An estimated 80 percent of serious medical errors involve miscommunication between caregivers when responsibility for patients is transferred or handed-off. Recognizing this as a critical patient safety issue, a group of 10 leading U.S. hospitals and health care systems teamed up with the Joint Commission Center for Transforming Healthcare (Oakbrook Terrac, Ill.) to use new methods to find the causes of and put a stop to these dangerous and potentially deadly breakdowns in patient care.
The Hand-off Communications Project began in August 2009. During the measure phase of the project, the participating hospitals found that, on average, more than 37 percent of the time hand-offs were defective and didn't allow the receiver to safely care for the patient. Additionally, 21 percent of the time senders were dissatisfied with the quality of the hand-off. Using solutions targeted to the specific causes of an inadequate hand-off, participating organizations that fully implemented the solutions achieved an average 52 percent reduction in defective hand-offs.
The 10 hospitals and health systems that volunteered to address hand-off communications as a critical patient safety problem are:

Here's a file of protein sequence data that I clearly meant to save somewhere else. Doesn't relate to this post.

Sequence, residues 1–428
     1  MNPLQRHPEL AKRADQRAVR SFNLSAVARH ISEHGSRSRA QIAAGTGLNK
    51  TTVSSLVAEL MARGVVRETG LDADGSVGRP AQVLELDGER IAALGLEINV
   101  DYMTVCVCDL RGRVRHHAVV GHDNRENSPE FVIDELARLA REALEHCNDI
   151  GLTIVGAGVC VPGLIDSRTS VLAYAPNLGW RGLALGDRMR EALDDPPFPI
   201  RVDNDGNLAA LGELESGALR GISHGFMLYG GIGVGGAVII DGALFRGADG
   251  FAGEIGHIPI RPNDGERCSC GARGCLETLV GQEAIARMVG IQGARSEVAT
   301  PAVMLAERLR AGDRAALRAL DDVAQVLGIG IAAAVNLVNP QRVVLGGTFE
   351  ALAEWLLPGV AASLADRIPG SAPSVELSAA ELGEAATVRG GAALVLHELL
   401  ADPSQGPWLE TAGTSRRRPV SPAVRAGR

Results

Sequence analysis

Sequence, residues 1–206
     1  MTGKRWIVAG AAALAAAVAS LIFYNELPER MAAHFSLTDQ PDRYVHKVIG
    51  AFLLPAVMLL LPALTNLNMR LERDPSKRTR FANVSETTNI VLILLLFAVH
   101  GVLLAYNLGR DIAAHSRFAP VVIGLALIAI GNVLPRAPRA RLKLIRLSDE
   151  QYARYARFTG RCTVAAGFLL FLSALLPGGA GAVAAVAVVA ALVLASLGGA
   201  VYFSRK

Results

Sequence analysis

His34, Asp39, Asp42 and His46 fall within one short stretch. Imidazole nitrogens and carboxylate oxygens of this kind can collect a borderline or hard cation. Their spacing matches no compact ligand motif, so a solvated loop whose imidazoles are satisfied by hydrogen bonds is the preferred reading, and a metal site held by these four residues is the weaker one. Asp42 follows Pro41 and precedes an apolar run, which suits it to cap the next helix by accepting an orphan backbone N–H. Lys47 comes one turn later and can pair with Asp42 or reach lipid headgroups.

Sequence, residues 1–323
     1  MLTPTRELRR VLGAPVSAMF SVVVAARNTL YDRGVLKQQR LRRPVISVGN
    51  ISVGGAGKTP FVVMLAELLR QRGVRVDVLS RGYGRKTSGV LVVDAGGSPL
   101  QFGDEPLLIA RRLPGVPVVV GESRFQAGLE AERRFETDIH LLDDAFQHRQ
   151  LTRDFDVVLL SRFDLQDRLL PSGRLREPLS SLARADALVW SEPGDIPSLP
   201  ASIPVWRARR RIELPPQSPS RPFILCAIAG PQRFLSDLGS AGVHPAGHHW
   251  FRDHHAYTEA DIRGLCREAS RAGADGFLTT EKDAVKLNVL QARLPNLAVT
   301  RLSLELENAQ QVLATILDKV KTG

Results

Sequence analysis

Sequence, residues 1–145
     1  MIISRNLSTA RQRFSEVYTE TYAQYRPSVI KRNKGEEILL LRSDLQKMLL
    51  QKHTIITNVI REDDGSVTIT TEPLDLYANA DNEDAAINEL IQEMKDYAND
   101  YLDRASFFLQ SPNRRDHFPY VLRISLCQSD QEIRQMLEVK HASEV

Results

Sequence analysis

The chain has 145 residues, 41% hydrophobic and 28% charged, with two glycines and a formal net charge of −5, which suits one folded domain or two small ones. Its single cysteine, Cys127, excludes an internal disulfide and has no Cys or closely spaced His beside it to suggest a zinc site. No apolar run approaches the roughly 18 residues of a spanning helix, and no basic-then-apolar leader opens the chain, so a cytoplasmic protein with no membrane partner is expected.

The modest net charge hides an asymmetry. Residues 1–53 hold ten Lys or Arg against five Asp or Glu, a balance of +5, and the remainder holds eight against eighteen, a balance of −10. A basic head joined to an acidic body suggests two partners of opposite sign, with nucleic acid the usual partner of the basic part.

- Exempla Lutheran Medical Center, Wheat Ridge, Colorado
- Fairview Health Services, Minneapolis, Minnesota
- Intermountain Healthcare LDS Hospital, Salt Lake City, Utah
- The Johns Hopkins Hospital, Baltimore, Maryland
- Kaiser Permanente Sunnyside Medical Center, Clackamas, Oregon
- Mayo Clinic Saint Marys Hospital, Rochester, Minnesota
- New York-Presbyterian Hospital, New York
- North Shore-LIJ Health System Steven and Alexandra Cohen Children's Medical Center, New Hyde Park, New York
- Partners HealthCare, Massachusetts General Hospital, Boston
- Stanford Hospital & Clinics, Palo Alto, California
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